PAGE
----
Explore solutions more than funds

April 30, 2016

In my previous post — Have Sight, Lack Vision — I stressed that we need to alter the way we look at things and explore solutions. Availability of, or lack of, resources should not be the guiding force when we explore solutions to problems. Unfortunately, what happens is just the reverse. We often hear of politicians and statesmen talking about the huge sums of money required to address the problems that the world is facing in the domains of health, education, poverty, or climate change. What happens in such a scenario is that resource constraints limit our ability to explore low-cost and affordable solutions.

The poor state of school infrastructure—lack of chairs and desks, toilets, electricity etc —in developing countries is identified as a major factor in the achievement of educational goals for young boys and girls. One of the targets of the Sustainable Development Goal 4 is to : build and upgrade education facilities that are child, disability, and gender-sensitive and provide safe, nonviolent, inclusive and effective learning environments for all.

In India, Aarambh – an NGO in Maharashtra used old cardboard boxes to create school bags that transform into desks. Aarambh identified a problem- Childen were sitting on floor and writing. This affected their posture and learning. And they found an affordable solution. They used old discarded cardboard to create school bags which unpack into small desks. This laudable work can be seen here.

I  wonder why don’t governments build on such innovative ideas, instead of running after the money and delaying action.

It is extremely important now that we have the 2030 Agenda for Sustainable Development with 17 goals to be achieved by 2030. Will there be enough money to adequately fund all SDGs?— is the question daunting all. The mad race for securing resources has begun for different SDGs as if they are competing priorities. All goals are important and inextricably linked. What is important is to see their inter-connectedness. The need of the hour is to identify and scale up the solutions that have worked instead of delaying action till all the necessary resources are secured.



A class that empowers all ages…

August 31, 2013

Ever seen a class that brings together a 30-something mother and her 9-year-old son?…a class that includes children and adults of different ages and cultural, religious and economic backgrounds? …a class where students pen poems, learn about world events and discover themselves?

ABT class picture

Well, such a class is run twice a week in Bhendi Bazaar, Mumbai, India, on the premises of a local school, thanks to the voluntary efforts of an old couple — Mr. and Mrs. Haider. They have been running it for a number of years now, under the aegis of Aboo Mohammad Trust.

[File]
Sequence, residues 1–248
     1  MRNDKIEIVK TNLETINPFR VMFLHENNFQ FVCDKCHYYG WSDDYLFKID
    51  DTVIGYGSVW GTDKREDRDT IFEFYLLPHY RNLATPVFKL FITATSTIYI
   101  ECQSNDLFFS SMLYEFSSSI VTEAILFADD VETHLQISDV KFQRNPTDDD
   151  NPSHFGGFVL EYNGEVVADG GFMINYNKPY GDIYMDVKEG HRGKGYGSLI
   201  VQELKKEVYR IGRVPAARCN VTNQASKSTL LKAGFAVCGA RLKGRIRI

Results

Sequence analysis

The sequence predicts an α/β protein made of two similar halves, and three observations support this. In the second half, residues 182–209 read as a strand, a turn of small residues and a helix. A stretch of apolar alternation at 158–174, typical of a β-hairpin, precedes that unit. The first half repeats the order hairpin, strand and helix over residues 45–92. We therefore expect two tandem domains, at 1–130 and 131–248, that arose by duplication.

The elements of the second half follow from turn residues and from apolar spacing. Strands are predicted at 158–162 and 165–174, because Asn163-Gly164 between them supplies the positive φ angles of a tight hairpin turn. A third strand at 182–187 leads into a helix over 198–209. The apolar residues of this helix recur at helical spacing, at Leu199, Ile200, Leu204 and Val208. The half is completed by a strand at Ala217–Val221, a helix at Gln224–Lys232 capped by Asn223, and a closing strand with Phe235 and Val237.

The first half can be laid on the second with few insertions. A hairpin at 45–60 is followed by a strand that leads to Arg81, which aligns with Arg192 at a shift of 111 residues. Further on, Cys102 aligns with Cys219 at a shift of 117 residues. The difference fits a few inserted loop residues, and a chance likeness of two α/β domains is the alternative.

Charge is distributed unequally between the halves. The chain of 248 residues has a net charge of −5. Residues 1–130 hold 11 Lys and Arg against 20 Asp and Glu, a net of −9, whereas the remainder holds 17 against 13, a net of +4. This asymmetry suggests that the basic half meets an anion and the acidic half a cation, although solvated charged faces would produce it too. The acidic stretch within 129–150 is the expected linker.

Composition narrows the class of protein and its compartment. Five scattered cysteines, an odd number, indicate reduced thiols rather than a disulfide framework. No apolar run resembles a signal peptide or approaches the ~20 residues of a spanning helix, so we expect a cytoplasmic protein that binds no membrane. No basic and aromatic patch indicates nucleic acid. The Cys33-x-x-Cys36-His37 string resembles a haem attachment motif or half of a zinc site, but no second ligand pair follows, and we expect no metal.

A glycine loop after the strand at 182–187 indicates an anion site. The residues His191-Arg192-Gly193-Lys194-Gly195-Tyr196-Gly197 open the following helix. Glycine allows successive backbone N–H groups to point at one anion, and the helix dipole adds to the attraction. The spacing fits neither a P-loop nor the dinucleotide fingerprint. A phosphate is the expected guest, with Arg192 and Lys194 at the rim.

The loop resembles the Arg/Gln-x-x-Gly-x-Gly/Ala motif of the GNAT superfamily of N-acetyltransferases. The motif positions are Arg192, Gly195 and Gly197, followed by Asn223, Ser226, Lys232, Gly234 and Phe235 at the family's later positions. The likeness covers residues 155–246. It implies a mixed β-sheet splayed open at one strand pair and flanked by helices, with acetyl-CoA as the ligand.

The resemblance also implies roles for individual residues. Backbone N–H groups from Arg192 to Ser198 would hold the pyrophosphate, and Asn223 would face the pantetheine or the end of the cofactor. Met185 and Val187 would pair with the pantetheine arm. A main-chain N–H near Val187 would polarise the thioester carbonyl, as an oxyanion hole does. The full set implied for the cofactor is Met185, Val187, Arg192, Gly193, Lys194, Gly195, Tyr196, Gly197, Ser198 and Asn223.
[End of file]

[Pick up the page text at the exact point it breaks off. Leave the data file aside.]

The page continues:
It is difficult to imagine what would be the purpose of such a heterogeneous class. While the primary objective is to help pupils improve their spoken English, it does much more than that. It enhances their general awareness, keeps students focused on their career goals and builds their confidence, self-worth and public speaking skills. The class is fortunate to have a soft-spoken, caring and inspiring teacher in Mrs. Khan. Over nearly two decades and a regular commute from quite a distance, Mrs Khan has been enthusiastically teaching each session with a blend of current affairs, vocabulary and warmth. I have been visiting this class for a few years now and I can see a marked improvement in the group. The once-shy students, grappling with a new language, now eagerly share their knowledge on the topic of the day and jot down new words and information. This year, too, I visited the students, along with my family, in August. Whenever we visit, Mrs. Khan asks us to speak to her students. We had a good interaction with the students. They asked intelligent questions, such as the difference between education systems in India and Switzerland. This revealed their curiosity to know the world. I also invited them to speak and share something about themselves. One by one, they spoke about their studies, hobbies, their family and career goals. We were also joined by Mr. Zubair Azmi, who is another great support in this effort. Mr Azmi is the Director of Urdu Markaz (Urdu Centre), a Bhendi Bazaar-based cultural centre dedicated to the promotion and appreciation of Urdu literature. He has graciously made available his organization’s space for the class. He is closely involved, knows the students and motivates them to hone their talent. Based on his encouragement, some students demonstrated their talent before us. We were impressed to hear a poem written by one of the students.  The title of her poem was “Beti” (‘Daughter’) in which she beautifully captured the sentiments of a girl child and the discrimination she faces. While all this interaction took place, Mr. Haider sat behind smiling. Behind the smile was certainly the satisfaction of seeing the fruits of his dedicated hard work.